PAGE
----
Catalyzing Interoperability: Building the Health Data Lingua Franca and Following the Federal Government’s Lead

December 04, 2019

The Convergence of FHIR & Blue Button

In 2011 when Australian HL7 thought-leader Grahame Grieve proposed the “Resources for Health” — the precursor to Fast Interoperability Health Resources (FHIR) — it was because the movement to build a standard language of healthcare data exchange had largely failed. The vision of exchanging, integrating, and sharing digital health information that inspired the creation of Health Level 7 International in 1987 confronted the twin challenges of its own quest for comprehensiveness and the emergence of the internet and its language as the lingua franca of all digital exchange.

However, with Grieve’s approach that emphasized developer-community defined usability over comprehensiveness and resources built on open Internet standards for data representation, the creation and promulgation of FHIR created a standard, shared language that is the catalyst for an emergent revolution in healthcare.

Another catalyst of the emergent revolution was the federal government’s movement to give information to those to whom it provided health insurance. For example, in 2011, veterans who got their health insurance through the Veterans Administration (VA) and Medicare Beneficiaries who were insured by the Centers for Medicare & Medicaid Services (CMS) were able to go to a website and download a text or PDF version of their health record. Called the “Blue Button” (for the icon that a veteran or Medicare Beneficiary could click on the website), the idea facilitated by public service leaders was a radical possibility at the time and provided access to health information that most health consumers don’t have even today.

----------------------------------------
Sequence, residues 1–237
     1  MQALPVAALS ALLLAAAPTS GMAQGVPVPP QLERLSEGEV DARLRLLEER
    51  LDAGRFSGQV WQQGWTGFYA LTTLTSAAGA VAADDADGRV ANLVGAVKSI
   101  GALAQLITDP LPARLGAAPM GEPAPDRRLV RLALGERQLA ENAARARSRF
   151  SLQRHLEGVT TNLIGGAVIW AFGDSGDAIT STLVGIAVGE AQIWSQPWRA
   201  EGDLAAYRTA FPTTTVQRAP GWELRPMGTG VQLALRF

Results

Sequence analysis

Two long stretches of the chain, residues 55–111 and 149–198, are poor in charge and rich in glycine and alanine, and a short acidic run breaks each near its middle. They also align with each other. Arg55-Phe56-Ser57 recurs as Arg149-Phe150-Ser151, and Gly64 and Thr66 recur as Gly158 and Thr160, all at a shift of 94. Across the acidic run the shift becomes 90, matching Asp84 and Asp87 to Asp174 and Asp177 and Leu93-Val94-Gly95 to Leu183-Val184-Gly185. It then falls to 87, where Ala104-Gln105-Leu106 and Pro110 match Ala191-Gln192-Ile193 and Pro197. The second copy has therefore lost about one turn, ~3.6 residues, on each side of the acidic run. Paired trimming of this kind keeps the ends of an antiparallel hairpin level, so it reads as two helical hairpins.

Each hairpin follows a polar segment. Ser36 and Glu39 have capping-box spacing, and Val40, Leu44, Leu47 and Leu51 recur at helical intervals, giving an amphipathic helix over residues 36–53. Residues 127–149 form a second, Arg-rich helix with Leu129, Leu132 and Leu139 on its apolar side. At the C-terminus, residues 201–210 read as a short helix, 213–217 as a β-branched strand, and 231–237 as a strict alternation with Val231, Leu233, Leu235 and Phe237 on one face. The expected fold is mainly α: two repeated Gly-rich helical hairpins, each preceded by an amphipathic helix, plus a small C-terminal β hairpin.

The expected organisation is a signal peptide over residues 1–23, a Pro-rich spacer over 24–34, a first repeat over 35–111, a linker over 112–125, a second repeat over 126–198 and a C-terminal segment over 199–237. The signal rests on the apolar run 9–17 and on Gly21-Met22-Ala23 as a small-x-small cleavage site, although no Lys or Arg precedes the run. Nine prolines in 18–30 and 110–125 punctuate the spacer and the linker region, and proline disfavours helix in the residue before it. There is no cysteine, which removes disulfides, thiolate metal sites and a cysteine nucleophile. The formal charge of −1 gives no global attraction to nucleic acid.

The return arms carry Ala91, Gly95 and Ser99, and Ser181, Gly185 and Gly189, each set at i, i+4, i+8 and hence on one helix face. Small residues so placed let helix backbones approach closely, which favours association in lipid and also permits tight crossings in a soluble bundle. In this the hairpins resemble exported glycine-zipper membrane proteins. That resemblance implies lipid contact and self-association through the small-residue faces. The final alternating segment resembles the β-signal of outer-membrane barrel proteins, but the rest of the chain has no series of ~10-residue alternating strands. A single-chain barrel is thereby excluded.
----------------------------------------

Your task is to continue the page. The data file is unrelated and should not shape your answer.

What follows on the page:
In 2015, the twin catalysts of FHIR and government-led patient access merged when the Department of Health and Human Services (HHS) and CMS began the push to transform Blue Button into a data service using a standard language of health data exchange. The result is the Blue Button 2.0 API. Blue Button 2.0 would not only allow the digital exchange of Medicare beneficiary health data it would also give ownership of that data (through the OAuth 2.0 standard) allowing beneficiaries to share their data digitally.

As with Grahme Grieve’s vision for FHIR, what has become a Blue Button “movement” has emphasized developer-community definitions of usability and that community has now grown to over 1,500 developers from across the healthcare ecosystem. Importantly, the FHIR-based Blue Button movement has spilled out from its original federal government VA and CMS use cases and is providing a working model for private sector health insurers looking to give their customers what veterans and Medicare Beneficiaries have now.

That working model of consumer mediated exchange is being formally developed by the CARIN Alliance, in the form of the Blue Button 2.0 Implementation Guide based on the new Release 4 of HL7 FHIR.

While these are exciting developments, patients today don’t have full control of their own healthcare information. Health consumers simply don’t control their essential records, test results and basic information about those who provide them care.

This has to change. And this is the patient- and developer-led revolution that is underway.